Creases and Crevices, Heights and Depths: Narrative Extremities and Age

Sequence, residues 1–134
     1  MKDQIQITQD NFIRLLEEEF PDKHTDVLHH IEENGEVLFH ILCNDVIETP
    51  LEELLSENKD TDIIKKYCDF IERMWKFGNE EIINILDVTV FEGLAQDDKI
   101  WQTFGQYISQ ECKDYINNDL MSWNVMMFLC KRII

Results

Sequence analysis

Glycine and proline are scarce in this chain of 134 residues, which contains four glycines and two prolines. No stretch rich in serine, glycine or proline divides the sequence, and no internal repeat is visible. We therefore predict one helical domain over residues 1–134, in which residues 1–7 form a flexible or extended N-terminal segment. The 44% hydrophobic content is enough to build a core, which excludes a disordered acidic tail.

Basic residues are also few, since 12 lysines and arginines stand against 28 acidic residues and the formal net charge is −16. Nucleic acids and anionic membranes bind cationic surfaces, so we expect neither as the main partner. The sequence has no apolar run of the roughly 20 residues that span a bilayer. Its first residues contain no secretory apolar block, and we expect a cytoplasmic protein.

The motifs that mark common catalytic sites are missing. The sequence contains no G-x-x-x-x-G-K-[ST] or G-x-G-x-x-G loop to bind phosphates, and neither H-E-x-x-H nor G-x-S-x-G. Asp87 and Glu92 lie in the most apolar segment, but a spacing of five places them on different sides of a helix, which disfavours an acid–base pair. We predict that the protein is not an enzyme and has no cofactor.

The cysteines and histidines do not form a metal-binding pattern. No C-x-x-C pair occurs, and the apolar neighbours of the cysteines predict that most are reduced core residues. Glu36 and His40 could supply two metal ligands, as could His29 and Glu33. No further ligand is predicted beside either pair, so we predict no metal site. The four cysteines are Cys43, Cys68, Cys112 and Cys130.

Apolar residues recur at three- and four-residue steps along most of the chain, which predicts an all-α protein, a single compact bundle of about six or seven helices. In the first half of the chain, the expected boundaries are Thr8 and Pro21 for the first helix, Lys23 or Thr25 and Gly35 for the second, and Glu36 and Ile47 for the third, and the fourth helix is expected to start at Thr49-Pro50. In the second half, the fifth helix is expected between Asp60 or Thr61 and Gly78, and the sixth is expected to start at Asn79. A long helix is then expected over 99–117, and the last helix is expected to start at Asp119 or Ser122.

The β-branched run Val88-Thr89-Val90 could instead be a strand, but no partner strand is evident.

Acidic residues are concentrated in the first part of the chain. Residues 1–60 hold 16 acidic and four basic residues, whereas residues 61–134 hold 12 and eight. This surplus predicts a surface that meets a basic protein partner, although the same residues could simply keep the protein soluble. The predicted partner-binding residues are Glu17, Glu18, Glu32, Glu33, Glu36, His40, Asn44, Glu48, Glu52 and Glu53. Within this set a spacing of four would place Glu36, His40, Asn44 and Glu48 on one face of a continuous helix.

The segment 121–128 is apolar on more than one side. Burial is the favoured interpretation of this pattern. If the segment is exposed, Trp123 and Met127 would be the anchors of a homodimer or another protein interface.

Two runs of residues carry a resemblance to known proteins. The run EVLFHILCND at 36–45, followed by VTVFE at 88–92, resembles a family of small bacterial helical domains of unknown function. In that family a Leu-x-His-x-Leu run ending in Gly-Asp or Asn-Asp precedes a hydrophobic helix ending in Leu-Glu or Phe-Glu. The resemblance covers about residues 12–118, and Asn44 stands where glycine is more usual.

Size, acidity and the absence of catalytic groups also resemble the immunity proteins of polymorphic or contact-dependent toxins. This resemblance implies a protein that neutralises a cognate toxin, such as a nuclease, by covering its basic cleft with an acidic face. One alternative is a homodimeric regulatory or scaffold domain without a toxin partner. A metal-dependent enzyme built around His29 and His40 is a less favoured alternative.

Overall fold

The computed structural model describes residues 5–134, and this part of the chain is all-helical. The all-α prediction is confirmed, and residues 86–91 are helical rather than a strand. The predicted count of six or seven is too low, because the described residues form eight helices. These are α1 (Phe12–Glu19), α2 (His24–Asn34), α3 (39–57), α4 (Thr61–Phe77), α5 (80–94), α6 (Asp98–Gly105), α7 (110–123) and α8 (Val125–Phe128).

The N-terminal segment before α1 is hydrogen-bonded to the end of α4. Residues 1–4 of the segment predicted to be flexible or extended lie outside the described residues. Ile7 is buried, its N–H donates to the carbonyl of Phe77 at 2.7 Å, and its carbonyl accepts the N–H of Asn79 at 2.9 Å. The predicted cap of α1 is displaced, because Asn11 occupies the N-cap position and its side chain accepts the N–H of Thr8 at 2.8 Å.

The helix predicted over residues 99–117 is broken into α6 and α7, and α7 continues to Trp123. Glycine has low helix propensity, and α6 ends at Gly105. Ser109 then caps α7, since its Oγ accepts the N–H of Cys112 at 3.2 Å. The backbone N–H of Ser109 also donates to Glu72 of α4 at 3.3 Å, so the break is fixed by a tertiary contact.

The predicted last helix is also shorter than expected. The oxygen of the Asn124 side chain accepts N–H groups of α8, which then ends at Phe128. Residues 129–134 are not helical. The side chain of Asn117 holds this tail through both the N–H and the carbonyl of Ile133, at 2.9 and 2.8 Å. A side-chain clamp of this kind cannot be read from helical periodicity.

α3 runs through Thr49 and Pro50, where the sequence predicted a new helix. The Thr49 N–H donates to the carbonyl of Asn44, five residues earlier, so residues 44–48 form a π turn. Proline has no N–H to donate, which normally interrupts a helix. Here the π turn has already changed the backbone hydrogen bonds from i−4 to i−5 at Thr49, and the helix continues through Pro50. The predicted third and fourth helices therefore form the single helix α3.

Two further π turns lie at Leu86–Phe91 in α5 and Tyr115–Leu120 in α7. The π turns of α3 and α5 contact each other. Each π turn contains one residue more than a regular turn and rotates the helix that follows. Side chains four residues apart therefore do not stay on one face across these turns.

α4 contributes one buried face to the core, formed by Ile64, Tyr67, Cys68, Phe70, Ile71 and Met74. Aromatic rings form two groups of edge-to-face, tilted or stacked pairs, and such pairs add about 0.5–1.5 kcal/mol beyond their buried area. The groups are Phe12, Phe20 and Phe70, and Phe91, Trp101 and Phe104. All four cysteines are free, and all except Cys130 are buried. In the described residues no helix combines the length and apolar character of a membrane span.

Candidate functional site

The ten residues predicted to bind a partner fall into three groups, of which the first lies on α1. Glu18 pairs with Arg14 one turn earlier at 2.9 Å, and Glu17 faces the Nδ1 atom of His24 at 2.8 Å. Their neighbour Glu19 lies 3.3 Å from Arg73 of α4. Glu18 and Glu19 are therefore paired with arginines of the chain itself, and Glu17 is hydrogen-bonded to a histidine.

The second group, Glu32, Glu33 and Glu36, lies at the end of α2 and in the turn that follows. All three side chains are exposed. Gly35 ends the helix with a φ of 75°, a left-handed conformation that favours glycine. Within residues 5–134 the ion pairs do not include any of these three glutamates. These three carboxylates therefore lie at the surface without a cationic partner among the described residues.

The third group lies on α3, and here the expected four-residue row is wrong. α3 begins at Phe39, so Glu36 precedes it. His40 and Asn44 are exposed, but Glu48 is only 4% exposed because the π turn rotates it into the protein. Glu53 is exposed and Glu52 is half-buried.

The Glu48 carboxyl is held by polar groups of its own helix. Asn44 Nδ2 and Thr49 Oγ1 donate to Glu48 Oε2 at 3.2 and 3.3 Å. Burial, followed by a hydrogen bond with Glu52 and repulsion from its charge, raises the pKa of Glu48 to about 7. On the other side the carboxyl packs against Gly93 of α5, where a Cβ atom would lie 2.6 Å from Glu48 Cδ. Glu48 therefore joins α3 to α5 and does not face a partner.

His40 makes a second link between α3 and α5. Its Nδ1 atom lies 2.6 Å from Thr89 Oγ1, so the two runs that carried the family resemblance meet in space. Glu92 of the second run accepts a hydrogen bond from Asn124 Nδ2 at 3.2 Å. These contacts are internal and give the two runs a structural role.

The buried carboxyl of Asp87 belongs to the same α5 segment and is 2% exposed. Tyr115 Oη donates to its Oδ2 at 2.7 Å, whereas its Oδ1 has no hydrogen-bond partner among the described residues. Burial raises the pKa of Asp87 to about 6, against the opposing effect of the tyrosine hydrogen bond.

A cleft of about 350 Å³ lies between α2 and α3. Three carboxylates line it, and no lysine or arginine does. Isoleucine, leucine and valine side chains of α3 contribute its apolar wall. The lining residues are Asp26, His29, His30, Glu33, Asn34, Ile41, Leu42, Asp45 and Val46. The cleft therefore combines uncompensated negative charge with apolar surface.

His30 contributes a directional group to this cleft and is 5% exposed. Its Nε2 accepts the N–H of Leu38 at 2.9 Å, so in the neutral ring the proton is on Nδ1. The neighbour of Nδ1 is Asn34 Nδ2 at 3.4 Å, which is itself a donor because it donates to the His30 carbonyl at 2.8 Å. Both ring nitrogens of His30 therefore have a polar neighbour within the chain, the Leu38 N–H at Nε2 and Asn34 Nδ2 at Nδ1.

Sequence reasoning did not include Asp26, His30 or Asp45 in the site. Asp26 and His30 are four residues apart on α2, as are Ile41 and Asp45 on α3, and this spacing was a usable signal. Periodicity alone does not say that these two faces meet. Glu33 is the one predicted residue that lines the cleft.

This chapter turns to feelings and images attached to aging which have become difficult to identify or express. The chapter focuses on the literary resources of imaginative expression for the emotions associated with old age, especially the use of the gothic, sensation, mystery, and magic. For example, the predominance of old women who figured as witches both in life and in literature testifies to the terror of age from the perspective of power and the powerless. The structure of the argument discloses the improbable and probable narratives of age as flip sides of the same coin. The gothic and supernatural representations of age draw on quotidian social reality, but they make daily reality strange again. Carroll's work leads to a discussion of fairy stories, and readings of Gaskell's Cranford and Oliphant's Hester introduce ‘speculation’ as a narrative resource for thinking about age.
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